||Alberta has a Wolf Management Plan that calls for a
population of 50 wolves to be maintained in southwestern
Alberta. This plan is consistent with the interest of Parks
Canada for maintaining wolf populations as part of healthy
park ecosystems. The recovery of wolves in southern Alberta
is complicated by current hunting regulations. Albertans can
hunt wolves without a license for about nine months of the
year. Land owners can destroy wolves on or within five miles
of their land. There is also no quota on how many wolves
trappers can take each year.
The goal of managing a stable wolf population with
minimal conflict is further complicated by the many myths,
legends and misconceptions associated with them. Here are
some of the myths on both sides of the argument:
- Myth: Wolves are bloodthirsty killers who
waste more than they can eat.
Truth: Given the right conditions, wolves
will kill more than they can eat. Normally they
eat most of their kills. What is left is eaten by
ravens, chickadees, eagles, coyotes, bobcats and
Death in our society is usually feared and
ritualized. Often these human concepts are applied
to wildlife. We judge killing in nature to be
"good" or "bad" when in
reality death is a precondition for life. The act
of killing is necessary for the perpetuation of a
complex biological life system.
- Myth: Wolves don't have any real impact on
game populations; that's just an excuse for wolf
Truth: Wolves are carnivores. They need
and eat a lot of protein. Many studies have shown
that wolves can affect herd numbers, but the
situation is usually self-regulating. When prey
numbers decline, wolf numbers do too. When forage
conditions improve, the cycle reverses itself.
- Myth: Wolves will keep increasing until
there's no game in the country.
Truth: Wolves can breed prolifically,
but normally only the alpha female and alpha male
of a pack mate. Unlike domestic canines, they only
do so once a year. There is also a high death rate
amongst pups and juveniles. As roads and access
increase, wolves and other wildlife become more
vulnerable to human actions. The chance of wolves
greatly increasing anywhere in their natural range
is low. Even in Montana, where they are protected
by law, the population has hovered between 70 and
90 for several years.
- Myth: Wolves will slaughter all our cattle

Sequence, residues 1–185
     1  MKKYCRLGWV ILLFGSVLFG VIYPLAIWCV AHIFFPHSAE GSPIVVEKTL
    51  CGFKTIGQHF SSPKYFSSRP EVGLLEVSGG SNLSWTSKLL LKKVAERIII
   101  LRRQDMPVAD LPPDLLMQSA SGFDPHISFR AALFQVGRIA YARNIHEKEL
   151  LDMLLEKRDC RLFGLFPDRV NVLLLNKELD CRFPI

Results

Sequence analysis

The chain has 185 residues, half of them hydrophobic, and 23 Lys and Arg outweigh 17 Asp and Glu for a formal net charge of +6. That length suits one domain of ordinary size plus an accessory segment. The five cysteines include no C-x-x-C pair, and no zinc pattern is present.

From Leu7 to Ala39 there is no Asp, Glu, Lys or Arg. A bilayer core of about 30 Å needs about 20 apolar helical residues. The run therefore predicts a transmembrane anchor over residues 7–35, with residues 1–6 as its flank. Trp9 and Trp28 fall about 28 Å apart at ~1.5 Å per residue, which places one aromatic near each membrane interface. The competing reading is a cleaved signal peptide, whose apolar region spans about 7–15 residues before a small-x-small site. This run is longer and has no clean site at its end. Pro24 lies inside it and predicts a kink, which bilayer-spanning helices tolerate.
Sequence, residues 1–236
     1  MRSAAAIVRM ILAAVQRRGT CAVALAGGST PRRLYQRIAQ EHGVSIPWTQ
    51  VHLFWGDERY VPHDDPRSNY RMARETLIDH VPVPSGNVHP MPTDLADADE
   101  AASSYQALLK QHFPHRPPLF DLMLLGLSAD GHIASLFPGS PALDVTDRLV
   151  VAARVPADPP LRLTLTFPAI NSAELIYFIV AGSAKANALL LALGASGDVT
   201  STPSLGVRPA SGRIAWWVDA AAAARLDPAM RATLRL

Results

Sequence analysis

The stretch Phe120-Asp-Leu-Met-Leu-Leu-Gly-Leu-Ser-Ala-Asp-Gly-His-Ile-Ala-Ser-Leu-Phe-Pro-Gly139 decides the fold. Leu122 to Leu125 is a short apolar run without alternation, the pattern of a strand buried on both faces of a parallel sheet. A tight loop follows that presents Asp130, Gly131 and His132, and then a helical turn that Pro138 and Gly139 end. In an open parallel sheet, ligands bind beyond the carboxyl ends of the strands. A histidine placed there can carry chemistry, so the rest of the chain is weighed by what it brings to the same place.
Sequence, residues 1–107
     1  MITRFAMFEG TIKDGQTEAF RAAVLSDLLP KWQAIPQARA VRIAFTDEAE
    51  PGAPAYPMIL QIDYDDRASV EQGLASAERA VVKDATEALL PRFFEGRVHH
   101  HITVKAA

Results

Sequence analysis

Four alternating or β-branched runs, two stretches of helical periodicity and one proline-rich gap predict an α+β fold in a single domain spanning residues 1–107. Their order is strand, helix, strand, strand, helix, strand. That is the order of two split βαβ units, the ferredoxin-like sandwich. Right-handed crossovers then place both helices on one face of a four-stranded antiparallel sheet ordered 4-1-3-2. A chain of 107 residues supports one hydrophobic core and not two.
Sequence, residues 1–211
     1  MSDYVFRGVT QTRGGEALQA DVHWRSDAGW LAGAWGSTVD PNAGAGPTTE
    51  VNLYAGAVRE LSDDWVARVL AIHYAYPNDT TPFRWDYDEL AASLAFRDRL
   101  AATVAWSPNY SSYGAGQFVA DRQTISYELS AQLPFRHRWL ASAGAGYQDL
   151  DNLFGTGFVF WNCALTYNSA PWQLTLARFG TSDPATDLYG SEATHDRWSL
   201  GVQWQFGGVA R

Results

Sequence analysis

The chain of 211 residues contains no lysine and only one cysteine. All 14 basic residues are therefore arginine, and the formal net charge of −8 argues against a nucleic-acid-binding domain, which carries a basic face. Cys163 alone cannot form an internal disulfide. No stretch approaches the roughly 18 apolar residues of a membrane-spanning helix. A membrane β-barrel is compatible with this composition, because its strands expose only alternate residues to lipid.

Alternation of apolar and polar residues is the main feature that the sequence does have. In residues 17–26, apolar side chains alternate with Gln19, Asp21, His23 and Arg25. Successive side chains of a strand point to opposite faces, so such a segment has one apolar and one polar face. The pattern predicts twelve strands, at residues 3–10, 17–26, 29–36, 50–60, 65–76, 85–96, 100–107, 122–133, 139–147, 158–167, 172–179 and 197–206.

Truth: In 1994, the Belly River wolf
pack raised seven pups within a half-kilometer of
150 cow-calf pairs. At the end of the summer,
livestock producers in the area confirmed that
they had recorded no losses to wolves. Research
has shown that wolf packs, while opportunistic,
tend to select prey for which they develop
expertise in hunting. If this is the case, it may
be possible to retain wolves that select wild prey
by choice, while destroying wolves that develop a
habit of hunting livestock. Ranchers and wolves
should be able to live together as long as there
is fair monetary compensation for lost live stock
and offending wolves are quickly identified and
- Myth: Wolves are cruel and kill for the fun
Truth: Wolves, like sport hunters, take
hunting very seriously. To enjoy the hunt is not
the same as being bloodthirsty; it is part of
being a predator. Wolves have to hunt to survive.
They do not catch everything they chase and they
can often go up to two weeks without eating.
- Myth: Wolves are a threat to our children.
Truth: No one has ever been attacked by
a healthy wolf in North America. Even in northern
areas, where managers have problems with people
hand feeding arctic wolves, there have been no
- Myth: If we have lived without wolves for
100 years why would we consider relocating them
Truth: The relocation of wolves into the
Waterton Lakes and Glacier ecosystems has never
happened, nor is it likely to occur in the future.
The natural expansion of wolves into both Alberta
and Montana is coming from the north and western
B.C. This natural expansion has occurred several
times over the last hundred years.
The protection of wolves in national parks alone will not
ensure their future survival. Wolves wander extensively
outside of Waterton Lakes and Glacier to find food and
shelter. For example, one of Glacier's radio collared wolves
traveled north, almost to the Yukon, in one winter! Each
year, as more habitat is lost and travel corridors close,
space for wolves and other wildlife shrinks.
Over the past century we have proven we can eradicate
wolves. The real challenge will be to see if we are wise
enough to listen to the howl of the wolf objectively and
find creative ways of sharing the landscapes we both depend
Cougar attacks on humans are rare. There have been two
incidents within Waterton Lakes National Park in the last
decade where a child received minor injuries. Females with
kittens and animals which are cornered, surprised or feeding
on a kill may act aggressively. Cougars often show curiosity
toward human activities without behaving aggressively.
Living in cougar country increases your chances of
observing one of these fascinating predators. It also comes
with some risks and responsibilities. Here are a few
important guidelines to reduce the risk of human injury and
help protect cougars by avoiding the stress of relocation or
the need to destroy an animal.
If you encounter a cougar at close range:
- Do not attract or feed wildlife, especially deer
and sheep. They are natural prey and may attract a
- Do not create attractive cover and feed for cougars